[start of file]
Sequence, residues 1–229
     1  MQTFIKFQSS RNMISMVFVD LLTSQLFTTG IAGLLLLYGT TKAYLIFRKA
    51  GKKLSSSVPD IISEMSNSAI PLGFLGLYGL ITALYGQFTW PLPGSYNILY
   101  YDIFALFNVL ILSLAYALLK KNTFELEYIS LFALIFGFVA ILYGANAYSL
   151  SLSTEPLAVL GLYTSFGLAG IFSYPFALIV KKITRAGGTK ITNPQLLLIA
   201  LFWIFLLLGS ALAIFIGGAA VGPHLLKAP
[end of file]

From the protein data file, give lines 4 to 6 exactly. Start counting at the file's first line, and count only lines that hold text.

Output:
   101  YDIFALFNVL ILSLAYALLK KNTFELEYIS LFALIFGFVA ILYGANAYSL
   151  SLSTEPLAVL GLYTSFGLAG IFSYPFALIV KKITRAGGTK ITNPQLLLIA
   201  LFWIFLLLGS ALAIFIGGAA VGPHLLKAP